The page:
Teacher to work as TA - good idea?(20 Posts)
Wondering what people think as we've been having this conversation amongst colleagues. What if a teacher decided to reduce their workload and get more of a work/life balance by becoming a TA for a couple of years do you think that they would find it hard to go back to being a class teacher afterwards? Would that work against them in future interviews/ applications?
You get snapped up a lot as instant class cover.
I'd put a positive spin on it for future jobs and say it was my way of keeping up with all the changes and initiatives, and that I was fully involved in co-planning.
Really good idea - though you have to be careful that the school don't take advantage of their qualification. A member of my family changed from secondary teacher to primary teacher - she did this by working as a TA for 2 years in primary - the school had no problem with offering her a teaching job - but did take the piss a bit when she first went there, in terms of leaving her to cover classes and doing over and above TA planning, whilst being paid for her TA role.
Also have a friend who has stepped back from being a class teacher and is working as an HLTA. It has been a welcome break for her.
I would have thought the biggest problem would be if an experienced teacher was working as a TA supporting an inexperienced one, and started to itch to tell her how to do it properly.
Sorry, just made massive gender assumptions there.
It's really common, tbh.
As alpaca said, it drives you mental when you are more experienced than the class teacher, and can see them making mistakes, know you could do it better, but have to have the internal wrangle about whether it's better for you to step up and help her improve her teaching for the sake of the kids, or whether it will make it all worse because she will get the hump and think you think you're better than her, etc etc etc.
I'm using female as that's where it started, and because the number of men thinking about going this route would be so vanishingly small as not to bother with.
Loads of women try to do this with young families, as they can see they would have less responsibility in terms of keeping up with paperwork, but will be in a familiar environment with relevant skills.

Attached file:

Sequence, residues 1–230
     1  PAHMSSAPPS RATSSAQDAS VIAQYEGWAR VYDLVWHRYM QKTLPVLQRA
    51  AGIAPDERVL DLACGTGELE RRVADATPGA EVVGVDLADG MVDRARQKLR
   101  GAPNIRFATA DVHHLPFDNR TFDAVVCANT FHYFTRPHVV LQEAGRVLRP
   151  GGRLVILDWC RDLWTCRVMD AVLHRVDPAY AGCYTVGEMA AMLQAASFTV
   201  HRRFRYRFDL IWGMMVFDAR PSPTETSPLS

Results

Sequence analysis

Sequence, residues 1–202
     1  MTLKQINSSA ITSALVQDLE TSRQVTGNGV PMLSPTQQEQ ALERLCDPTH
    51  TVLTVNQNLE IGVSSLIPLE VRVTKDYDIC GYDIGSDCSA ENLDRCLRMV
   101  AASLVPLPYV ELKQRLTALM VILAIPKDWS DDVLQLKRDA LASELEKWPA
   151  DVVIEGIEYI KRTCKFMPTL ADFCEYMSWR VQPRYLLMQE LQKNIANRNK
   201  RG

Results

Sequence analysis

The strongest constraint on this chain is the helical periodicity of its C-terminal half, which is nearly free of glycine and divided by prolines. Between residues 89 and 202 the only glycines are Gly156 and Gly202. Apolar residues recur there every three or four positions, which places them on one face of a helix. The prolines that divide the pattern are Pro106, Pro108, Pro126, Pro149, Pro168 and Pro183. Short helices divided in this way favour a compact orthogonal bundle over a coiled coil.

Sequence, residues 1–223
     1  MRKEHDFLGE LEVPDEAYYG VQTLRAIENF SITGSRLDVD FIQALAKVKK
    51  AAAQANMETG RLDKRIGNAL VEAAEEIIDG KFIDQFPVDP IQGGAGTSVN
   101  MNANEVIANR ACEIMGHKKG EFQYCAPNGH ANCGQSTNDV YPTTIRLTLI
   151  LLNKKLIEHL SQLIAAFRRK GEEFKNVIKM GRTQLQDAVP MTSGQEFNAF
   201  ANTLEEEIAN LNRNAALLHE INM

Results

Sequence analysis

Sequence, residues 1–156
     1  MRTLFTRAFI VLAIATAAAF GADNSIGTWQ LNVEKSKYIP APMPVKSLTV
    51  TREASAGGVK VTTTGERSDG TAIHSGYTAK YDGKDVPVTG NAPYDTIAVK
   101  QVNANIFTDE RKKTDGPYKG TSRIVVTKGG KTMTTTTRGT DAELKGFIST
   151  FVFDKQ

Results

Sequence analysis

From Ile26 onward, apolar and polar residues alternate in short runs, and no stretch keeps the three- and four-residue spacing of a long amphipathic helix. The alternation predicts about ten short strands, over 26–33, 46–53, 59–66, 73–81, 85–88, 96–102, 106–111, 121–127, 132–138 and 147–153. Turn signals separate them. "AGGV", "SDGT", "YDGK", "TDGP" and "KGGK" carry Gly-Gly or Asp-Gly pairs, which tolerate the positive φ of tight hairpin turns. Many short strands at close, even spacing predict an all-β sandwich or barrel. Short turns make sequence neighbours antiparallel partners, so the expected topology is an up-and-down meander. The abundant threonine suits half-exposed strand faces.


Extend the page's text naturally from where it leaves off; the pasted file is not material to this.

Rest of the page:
If you can bear the feeling of not being able to make decisions and are happy to get on and support the class teacher, whilst receiving essentially no monetary benefit, all good.
There are pros and cons. One friend was told she could have the post, but they were only going to pay her as an unqualified candidate, as that was what they were advertising for. She took the job at the base salary and left after a year. Not because of the money, but because she couldn't bear to watch less qualified teachers and not be able to do anything about it.
So, check your control-freaky tendencies, and work out whether you could even cope on a day to day basis knowing the kids were being let down, and being powerless to do anything about it.
(Disclaimer - you might end up with a really good teacher, but in times where NQTs are often preferred as the cheaper option, a second experienced class teacher but paid as a TA would be seen as a good prospect. NQTs are tricky, as often they are brilliant but may need support, but might find having a ten year teacher as their TA quite a terrifying prospect, and feel watched and judged every day...)
I was a TA for a year and am a qualified English teacher. I loved being a TA and much preferred it to teaching the class. I could actually help a few students and was much less stressed.
I now have young children so work from home as a tutor. Love this also. Class teaching is not for me anymore even though I love teaching. I would be a TA again. DH is also a teacher and would consider the TA option to be less stressed and have more time with family, even though the salary is low.